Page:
Cheyney president out, acting president to step in Monday

Michelle R. Howard-Vital is retiring.
Michelle R. Howard-Vital is retiring.
Posted: July 05, 2014

Cheyney University abruptly announced on Thursday the retirement of its president, Michelle R. Howard-Vital, and said her successor would take over Monday.

Vital led the historically black university on the Delaware and Chester county line for seven years.

The university's deficit has grown under her watch, and enrollment has not increased - trends that are exacerbating the school's already troubled position.

"I think that Dr. Vital was absolutely an academician who did a lot of good things at Cheyney," said Robert Bogle, chair of Cheyney's board of trustees. "Some of the things this university does face, has faced, will face, she certainly could not control. She tried to grapple with and overcome these issues. Some she could, some she couldn't."

Though Vital's official retirement date is July 31, she won't finish out her last few weeks as president, the university said. Phyllis Worthy Dawkins, provost and vice president of academic affairs since August, will become acting president Monday, the university said.

Vital, who in 2013 was paid $208,503, will "spend the rest of this month helping Dr. Dawkins make a smooth transition," the university said.

Neither Vital or Dawkins was available for comment, said Gwen Owens, a Cheyney spokeswoman.

Bogle, president and CEO of the Philadelphia Tribune, said Vital chose to retire after discussions with Frank T. Brogan, chancellor of the 14-university Pennsylvania State System of Higher Education.

"We don't comment on personnel matters, but certainly appreciate her service to the university and wish her well in retirement," said system spokesman Kenn Marshall.

Vital said in a statement that she looked forward to returning home to North Carolina.

"I leave knowing that I've accomplished much to benefit the university," she said.

Cheyney has struggled with low enrollment and deficits for years, as have many historically black universities. When Vital began at Cheyney in 2007, the deficit was between $4 million and $6 million, Bogle said. By last September, it had risen to $14 million. Bogle was unsure of the latest figure.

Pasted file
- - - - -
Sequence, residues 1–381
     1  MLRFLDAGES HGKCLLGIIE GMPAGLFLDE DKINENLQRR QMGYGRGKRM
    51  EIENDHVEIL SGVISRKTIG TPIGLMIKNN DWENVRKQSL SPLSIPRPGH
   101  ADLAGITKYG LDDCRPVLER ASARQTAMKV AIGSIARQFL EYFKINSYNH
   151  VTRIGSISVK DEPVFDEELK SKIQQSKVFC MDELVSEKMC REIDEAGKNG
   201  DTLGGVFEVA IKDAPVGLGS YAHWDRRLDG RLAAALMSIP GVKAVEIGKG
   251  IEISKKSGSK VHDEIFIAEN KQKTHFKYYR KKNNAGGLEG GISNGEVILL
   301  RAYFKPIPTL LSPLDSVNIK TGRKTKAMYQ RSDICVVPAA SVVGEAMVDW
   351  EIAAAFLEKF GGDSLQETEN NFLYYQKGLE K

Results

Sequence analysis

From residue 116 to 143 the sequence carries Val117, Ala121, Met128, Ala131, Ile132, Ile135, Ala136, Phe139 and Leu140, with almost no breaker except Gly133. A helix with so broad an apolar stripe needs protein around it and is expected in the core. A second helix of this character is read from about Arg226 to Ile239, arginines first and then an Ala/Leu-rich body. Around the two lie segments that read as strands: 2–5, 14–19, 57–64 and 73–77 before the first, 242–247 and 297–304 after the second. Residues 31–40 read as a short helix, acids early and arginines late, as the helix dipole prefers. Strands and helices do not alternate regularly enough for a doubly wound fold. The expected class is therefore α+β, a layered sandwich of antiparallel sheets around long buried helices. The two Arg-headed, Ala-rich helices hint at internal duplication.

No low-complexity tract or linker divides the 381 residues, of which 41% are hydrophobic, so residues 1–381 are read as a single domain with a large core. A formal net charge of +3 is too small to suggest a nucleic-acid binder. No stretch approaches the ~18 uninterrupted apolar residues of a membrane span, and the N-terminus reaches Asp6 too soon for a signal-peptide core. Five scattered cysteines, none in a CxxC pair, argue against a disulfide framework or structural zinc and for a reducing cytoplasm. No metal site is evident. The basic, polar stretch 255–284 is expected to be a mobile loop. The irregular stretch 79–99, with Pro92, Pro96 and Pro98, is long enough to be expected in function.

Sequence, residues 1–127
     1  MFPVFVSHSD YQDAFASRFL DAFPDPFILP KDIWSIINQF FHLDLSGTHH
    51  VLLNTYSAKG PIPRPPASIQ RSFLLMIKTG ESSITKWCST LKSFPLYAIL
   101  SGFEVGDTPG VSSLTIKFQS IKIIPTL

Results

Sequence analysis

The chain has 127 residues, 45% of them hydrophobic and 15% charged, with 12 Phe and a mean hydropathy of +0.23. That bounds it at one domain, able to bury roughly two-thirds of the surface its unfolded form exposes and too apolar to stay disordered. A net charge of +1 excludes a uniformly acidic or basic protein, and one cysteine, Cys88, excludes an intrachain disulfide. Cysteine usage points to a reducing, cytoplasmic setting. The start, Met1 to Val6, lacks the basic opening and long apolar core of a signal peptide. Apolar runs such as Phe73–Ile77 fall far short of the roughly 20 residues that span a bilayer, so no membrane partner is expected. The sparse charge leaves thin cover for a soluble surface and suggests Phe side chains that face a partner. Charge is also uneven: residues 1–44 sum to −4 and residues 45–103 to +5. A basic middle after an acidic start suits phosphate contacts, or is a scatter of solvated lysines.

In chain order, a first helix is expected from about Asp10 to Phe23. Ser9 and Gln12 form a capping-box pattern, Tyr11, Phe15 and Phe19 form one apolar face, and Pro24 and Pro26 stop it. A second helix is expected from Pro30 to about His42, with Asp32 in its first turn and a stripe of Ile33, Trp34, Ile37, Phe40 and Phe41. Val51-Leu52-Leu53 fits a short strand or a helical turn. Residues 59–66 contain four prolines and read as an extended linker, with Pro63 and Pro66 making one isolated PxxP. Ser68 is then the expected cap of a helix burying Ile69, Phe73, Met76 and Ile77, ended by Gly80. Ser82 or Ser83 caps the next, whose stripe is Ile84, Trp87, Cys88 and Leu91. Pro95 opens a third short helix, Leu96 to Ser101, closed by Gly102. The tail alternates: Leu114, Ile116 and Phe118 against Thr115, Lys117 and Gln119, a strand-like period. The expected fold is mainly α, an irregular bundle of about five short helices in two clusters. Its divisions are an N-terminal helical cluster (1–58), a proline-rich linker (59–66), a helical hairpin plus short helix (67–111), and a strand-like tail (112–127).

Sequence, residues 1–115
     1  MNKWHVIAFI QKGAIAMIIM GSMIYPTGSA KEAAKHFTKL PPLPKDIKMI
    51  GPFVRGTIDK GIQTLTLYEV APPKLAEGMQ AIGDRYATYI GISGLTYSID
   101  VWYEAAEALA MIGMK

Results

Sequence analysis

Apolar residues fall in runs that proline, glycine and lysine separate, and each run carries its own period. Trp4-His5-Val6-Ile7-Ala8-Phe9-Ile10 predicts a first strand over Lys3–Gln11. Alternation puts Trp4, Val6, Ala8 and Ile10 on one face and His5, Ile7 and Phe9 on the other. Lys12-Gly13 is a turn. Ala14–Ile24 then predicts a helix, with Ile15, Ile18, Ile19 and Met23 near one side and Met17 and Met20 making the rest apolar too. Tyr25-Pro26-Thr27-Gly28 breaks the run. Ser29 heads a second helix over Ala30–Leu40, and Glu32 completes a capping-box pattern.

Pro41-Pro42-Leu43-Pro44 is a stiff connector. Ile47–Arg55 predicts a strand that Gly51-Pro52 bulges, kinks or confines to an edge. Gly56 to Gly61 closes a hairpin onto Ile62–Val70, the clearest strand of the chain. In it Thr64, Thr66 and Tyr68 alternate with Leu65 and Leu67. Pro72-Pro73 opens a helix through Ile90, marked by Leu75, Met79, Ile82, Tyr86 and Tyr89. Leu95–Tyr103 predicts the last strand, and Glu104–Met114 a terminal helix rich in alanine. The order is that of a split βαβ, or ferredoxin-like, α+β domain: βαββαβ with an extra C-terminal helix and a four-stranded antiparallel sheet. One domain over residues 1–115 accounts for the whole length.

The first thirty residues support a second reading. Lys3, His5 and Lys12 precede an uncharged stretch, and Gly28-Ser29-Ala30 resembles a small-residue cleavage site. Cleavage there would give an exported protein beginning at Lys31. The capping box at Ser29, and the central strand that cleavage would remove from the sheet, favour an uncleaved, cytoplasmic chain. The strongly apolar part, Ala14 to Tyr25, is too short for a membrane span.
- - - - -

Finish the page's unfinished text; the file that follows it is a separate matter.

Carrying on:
Asked whether he thought Vital was responsible for the growth in the deficit, he said, "Some of it, yes. Some of it, no."

Enrollment has hovered around 1,200. In 1977, nearly 3,000 students attended.

The increased deficit and lagging student population have caused concern among faculty, said Michael Adighibe, an accounting professor and past president of the faculty union.

"She was hired to remove the deficit from the school. She was hired to increase enrollment," he said. Her departure, he said, "is long overdue."

Under Vital's leadership, the university opened its first new residence hall in more than 30 years and restored the oldest building on campus, Humphreys Hall, as a residence hall. A $22 million science center and planetarium is near completion, and the university also expanded its program in Center City, the university noted.

Vital was active on social media - particularly Twitter - and helped the university develop an online blog, a digital newsletter, and a presence on YouTube, Facebook, and Instagram.

Less than a year into her presidency, she faced allegations of mismanaging finances, and the support-staff union called for her ouster at a rally.

Dawkins, who will serve until an interim president is appointed, came to Cheyney from Dillard University in New Orleans, another historically black college, where she was provost and senior vice president for academic affairs, and a professor of education and psychology.

Dawkins has a bachelor's degree from Johnson C. Smith University, a master's from the University of Michigan, and a doctoral degree from Ohio State University.


ssnyder@phillynews.com

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